by yossi | July 21, 2021 9:03 am
Orthodox. Frum. Torah-dik. Yearning for closeness to Hashem. These are ideals to aspire to, correct? Unfortunately, not according to too many who have left Torah Judaism, turning their backs on our communities, using their pens and creativity to paint an ugly, clownish picture of Klal Yisroel.
But it was not always so. Many years ago, keeping shabbos was nearly impossible. Employment meant a 6 day work week and those that chose to keep shabbos found themselves looking for a new job every Monday. Many people couldn’t withstand this difficult challenge and desecrated Shabbos to feed their families. But there were many that did. Those special people not only sacrificed to keep Torah and Judaism alive within their family, but lived long enough to see their children, grandchildren and even great-grandchildren remain devoted and inspired to live true Torah lives.
How is it that being a Shomer Shabbos Jew, a title preserved with such sacrifice and dedication, has so callously been tossed aside for a secular existence devoid of kedusha and the closeness to Hashem and family that it engendered?
Enter the Klatzko family. Rabbi Klatzko, his wife Shani, and their eleven children have been involved in Jewish outreach and chesed for the past 30 years. Shabbos in particular has been their specialty, from hosting 60-70 people each week, to creating a global network for people to find hosting for Shabbos (and shidduchim) called Shabbat.com. Each week, this musical family live-streams their Havdalah to thousands of people around the world, from hospitals to prisons, reminding everyone about the beauty of Shabbos.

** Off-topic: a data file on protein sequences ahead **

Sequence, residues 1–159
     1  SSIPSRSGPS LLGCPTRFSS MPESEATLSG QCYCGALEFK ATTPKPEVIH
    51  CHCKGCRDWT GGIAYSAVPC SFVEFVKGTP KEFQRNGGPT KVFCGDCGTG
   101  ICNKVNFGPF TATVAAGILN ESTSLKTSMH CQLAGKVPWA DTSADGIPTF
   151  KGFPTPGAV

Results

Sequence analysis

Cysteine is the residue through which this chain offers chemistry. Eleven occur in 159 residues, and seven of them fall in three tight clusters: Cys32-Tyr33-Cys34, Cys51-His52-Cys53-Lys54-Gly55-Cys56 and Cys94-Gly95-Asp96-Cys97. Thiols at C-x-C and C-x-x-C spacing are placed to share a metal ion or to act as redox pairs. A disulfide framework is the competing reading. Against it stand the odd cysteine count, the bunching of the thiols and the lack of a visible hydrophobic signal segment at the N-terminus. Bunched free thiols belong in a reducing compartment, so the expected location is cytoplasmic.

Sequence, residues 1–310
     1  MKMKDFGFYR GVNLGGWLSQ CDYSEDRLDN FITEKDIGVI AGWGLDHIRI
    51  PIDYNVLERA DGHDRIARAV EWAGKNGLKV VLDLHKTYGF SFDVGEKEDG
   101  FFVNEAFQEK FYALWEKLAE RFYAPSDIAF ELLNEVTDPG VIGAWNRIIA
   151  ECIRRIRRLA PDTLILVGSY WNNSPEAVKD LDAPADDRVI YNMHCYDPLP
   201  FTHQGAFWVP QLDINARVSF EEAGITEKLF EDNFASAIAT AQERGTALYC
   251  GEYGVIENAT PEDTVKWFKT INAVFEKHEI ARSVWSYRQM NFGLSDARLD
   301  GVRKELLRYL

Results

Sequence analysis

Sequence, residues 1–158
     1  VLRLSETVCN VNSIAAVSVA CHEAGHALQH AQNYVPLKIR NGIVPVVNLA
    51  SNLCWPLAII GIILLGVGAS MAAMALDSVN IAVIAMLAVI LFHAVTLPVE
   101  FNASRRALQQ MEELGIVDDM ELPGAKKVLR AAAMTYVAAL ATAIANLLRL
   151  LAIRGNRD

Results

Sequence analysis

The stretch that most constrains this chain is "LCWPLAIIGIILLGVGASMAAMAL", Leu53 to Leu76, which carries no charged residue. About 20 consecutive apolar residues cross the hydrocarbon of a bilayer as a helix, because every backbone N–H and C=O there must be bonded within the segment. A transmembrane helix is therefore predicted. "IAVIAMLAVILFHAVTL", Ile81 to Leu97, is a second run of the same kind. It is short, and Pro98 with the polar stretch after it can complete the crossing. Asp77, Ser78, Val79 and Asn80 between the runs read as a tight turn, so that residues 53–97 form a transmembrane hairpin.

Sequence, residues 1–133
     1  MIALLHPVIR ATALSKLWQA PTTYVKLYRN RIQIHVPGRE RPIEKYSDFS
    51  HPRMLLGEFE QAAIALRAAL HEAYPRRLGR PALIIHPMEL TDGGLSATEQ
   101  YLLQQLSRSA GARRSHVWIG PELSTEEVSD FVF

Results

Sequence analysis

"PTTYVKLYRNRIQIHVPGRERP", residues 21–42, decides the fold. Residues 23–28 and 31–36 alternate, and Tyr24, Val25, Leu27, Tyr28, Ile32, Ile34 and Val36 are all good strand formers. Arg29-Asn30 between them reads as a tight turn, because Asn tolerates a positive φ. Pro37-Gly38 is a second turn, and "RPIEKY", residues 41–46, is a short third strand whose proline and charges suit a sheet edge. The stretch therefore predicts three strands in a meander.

The Klatzko family now presents their latest offering, a re-enactment of a true story that took place circa 1910, when keeping Shabbos meant being dismissed from one’s job on a weekly basis.
Rabbi Klatzko, who composed and performed the background track with his son, Luzy, chose to use the words of Rabbi Nachman MiBreslev “Kol Holam Kulo Geshser Tzar Meod, Ve’Haikar Lo Lefached Klal” to bring home this point. The whole world is a narrow bridge. It can be frightening and depressing and often disappointing. There is temptation mixed with danger, an accurate metaphor for life in the twenty-first century. But that same bridge gets us from one side to the other. It is the chain that links one generation to the next. It is Torah and Shabbos. This is what we mean when we say “Orthodox.”
The main thing is not to fear at all. Stay strong in your emuna. Keep the Torah, raise the banner as a proud Frum Yid, and you will reap the reward of a beautiful Jewish family in this world and eternal life in the next!
Composed and Performed by Rabbi Benzion Klatzko
Child soloist – Luzy Klatzko Arranged by Yisroel Ament
A Fondu Production
– Written, Directed and Produced by Itai Joseph
– Director of Photography – Nicholas Pietroniro
– Production Designer – Cyrus Howlett
– Gaffers – Anthony Berenato Jr. and Nicholas Kral
– Editor – Kenneth Dwyer
A Shabbat.com Film (www.Shabbat.com)
– Rabbi Benzion Klatzko
– Rebbetzin Shani Klatzko
– Luzy Klatzko
– Meyer Klatzko
– Gavriel Klatzko
– Zahava Klatzko
– Yonason Ephraim Freedman
– Yossi Silberstein
– David Poloner
– Itai Joseph
– Gary Ostrovsky
– Richard Goldstein
– Yoni Goldstein
– Jess Weiner
– Rabbi Yehoshua Lewis
– Rabbi Shlomo Cohen
– Yaakov Ganon
– Itai Joseph
Source URL: https://www.thejewishinsights.com/wp/gesher-tzar-meod-orthodox-difficult-true-story-klatzko-family/
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